Ever since Schindler's List and the 1994 Rwandan genocide, there have been a spate of movies dramatic and documentary trying to shed light on the way modern warfare increasingly has become about murdering innocent civilians.
Some recent films have concerned Darfur, with the express aim of trying to stop the Sudanese government from supporting the ongoing slaughter there. There is a global network of organizations supported by people like Samantha Power, author of A Problem From Hell: America and the Age of Genocide at work trying to protect civilians there and goad governments into helping them.
Would only there have been such a network in the 1930s and 1940s, when the Germans and Japanese were committing their atrocities on humankind. We already know about the Holocaust, which in its scale and methodical nature has no equal in the annals of evil.
But the terrible Japanese brutality toward the Chinese is less known perhaps because after World War II Japan became our Cold War ally and China our enemy. The new documentary Nanking, directed by Bill Guttentag and Dan Sturman and produced by former AOL executive Ted Leonsis, aims to end our ignorance. It is inspired by Iris Chang's book The Rape of Nanking.
A few facts: In December 1937, following prolonged air raids against Nanking then China's national capital the Japanese attacked and occupied the city.
The details of this bloodlust are gruesome civilians shot in the back, prisoners set afire, people bayoneted and decapitated. In the film, one now-elderly Chinese "witness" recalls his attempt to try to find a living baby brother who had been skewered in the buttocks by a soldier and then tossed onto a pile of bodies: "I stepped on so much blood the bottoms of my shoes became sticky."
Because of surviving 16-millimeter film footage of the atrocities, we see in terrifying detail what the Chinese, sometimes fighting tears, tell the camera.
With this kind of material, directors Guttentag and Sturman had a practical problem how to make a film not too horrifying to watch. The way they have tried to resolve it is open to aesthetic challenge, but I think it works. They have made the central focus a small cadre of Westerners living in Nanking at the time who tried to protect civilians. And they have used dramatic elements to impose a theatrical artfulness on the material.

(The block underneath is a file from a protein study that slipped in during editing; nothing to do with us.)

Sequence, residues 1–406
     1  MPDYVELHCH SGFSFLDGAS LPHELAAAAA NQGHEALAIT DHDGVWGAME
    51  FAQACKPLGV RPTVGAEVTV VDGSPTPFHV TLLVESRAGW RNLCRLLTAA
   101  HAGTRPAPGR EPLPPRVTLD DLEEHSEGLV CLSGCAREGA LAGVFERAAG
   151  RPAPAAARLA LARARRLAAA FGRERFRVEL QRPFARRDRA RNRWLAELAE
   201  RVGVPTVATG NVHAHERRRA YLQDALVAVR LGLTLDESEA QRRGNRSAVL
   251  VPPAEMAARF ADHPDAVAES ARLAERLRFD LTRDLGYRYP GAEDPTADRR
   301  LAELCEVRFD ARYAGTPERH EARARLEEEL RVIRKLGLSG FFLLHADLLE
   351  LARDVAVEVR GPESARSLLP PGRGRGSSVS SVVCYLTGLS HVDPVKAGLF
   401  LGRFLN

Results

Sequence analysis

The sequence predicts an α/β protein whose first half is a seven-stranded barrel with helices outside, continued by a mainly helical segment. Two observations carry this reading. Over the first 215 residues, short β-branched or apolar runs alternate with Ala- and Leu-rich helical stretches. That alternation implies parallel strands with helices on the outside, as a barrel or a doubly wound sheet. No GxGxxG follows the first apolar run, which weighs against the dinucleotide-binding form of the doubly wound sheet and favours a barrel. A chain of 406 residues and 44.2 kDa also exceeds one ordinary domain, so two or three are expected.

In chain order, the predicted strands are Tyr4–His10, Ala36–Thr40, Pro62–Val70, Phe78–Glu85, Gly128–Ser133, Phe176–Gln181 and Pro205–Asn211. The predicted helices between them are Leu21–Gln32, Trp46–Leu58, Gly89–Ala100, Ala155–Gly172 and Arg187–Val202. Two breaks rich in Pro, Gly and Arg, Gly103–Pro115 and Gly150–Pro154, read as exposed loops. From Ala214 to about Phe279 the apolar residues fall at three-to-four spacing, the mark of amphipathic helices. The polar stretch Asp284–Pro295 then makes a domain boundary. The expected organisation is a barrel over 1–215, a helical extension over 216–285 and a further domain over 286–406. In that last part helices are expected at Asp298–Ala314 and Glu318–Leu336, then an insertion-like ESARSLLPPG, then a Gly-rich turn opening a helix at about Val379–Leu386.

Actors, including Woody Harrelson, Mariel Hemingway, Hugo Armstrong and Jurgen Prochnow, are filmed at a staged reading giving voice to the recollections. The actors are dressed in funereal black and filmed in close-up, after an initial introduction. Their voices are ever-so-slightly recitative to remind us they are actors, but they also try to inhabit their characters' pain and sorrow.
These re-enacted recollections are intertwined with real interviews of the Chinese "witnesses," some of whom were children saved from the Japanese by the actual Westerners. Additionally, actors in costume give voice to several other figures of the time, including a Japanese soldier. The filmmakers also have interviews with some elderly Japanese soldiers who attacked Nanking and participated in the rapes and murders.
The vintage footage includes newsreels, Japanese propaganda films and atrocity documentation that the Westerners smuggled out of China and took to the West to affect public opinion. All these disparate elements are connected via tight, smooth editing and by Philip Marshall's requiem-like score, performed by the Kronos Quartet.
It sounds complicated, but it flows easily while you watch it sort of like what Warren Beatty did in Reds. And without making the story become about the Westerners' heroism rather than the Chinese suffering, Guttentag and Sturman do let the powerful, inspiring stories of resistance emerge. As they should the film estimates the cadre of Westerners saved up to 250,000 Chinese.
Many of the Westerners were missionaries. There was also surgeon Bob Wilson (Harrelson), who not only had to care for his critically wounded patients but to repeatedly hide his Chinese nurses when Japanese soldiers would go on the prowl.
Also helping was German (Nazi) businessman John Rabe (Prochnow), whose attempts to create a civilian safety zone in Nanking earned him the moniker "living Buddha" from grateful Chinese. And most affectingly, there was Minnie Vautrin (Hemingway), dean of a woman's college who sheltered 10,000 girls and women. Yes, there is irony in a Nazi businessman trying to be a humanitarian especially considering Germany and Japan were allies. But it is a bitter one, as the film makes clear when it reveals Rabe's fate.
Nanking is not meant to provoke anger against Japan today two atomic bombs did fall on the country to end the war, after all, an event we have yet to fully come to terms with. Rather it is to make us all realize the importance of being committed to the phrase "Never Again." Grade: A
NANKING, presented by Cincinnati World Cinema, screens at 7 p.m. March 25-26 at the Cincinnati Art Museum. Buy tickets and find nearby bars and restaurants here.